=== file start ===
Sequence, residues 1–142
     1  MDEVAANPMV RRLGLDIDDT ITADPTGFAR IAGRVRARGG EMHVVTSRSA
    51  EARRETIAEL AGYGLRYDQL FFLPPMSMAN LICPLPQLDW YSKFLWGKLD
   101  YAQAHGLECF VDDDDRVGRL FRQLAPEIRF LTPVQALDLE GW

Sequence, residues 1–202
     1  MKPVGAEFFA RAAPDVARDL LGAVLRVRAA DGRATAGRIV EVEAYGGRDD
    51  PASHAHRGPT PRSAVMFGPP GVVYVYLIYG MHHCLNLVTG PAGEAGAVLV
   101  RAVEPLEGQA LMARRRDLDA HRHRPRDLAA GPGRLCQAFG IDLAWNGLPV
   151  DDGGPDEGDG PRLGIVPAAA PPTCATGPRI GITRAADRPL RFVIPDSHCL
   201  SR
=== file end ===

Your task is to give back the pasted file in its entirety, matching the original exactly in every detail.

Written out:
Sequence, residues 1–142
     1  MDEVAANPMV RRLGLDIDDT ITADPTGFAR IAGRVRARGG EMHVVTSRSA
    51  EARRETIAEL AGYGLRYDQL FFLPPMSMAN LICPLPQLDW YSKFLWGKLD
   101  YAQAHGLECF VDDDDRVGRL FRQLAPEIRF LTPVQALDLE GW

Sequence, residues 1–202
     1  MKPVGAEFFA RAAPDVARDL LGAVLRVRAA DGRATAGRIV EVEAYGGRDD
    51  PASHAHRGPT PRSAVMFGPP GVVYVYLIYG MHHCLNLVTG PAGEAGAVLV
   101  RAVEPLEGQA LMARRRDLDA HRHRPRDLAA GPGRLCQAFG IDLAWNGLPV
   151  DDGGPDEGDG PRLGIVPAAA PPTCATGPRI GITRAADRPL RFVIPDSHCL
   201  SR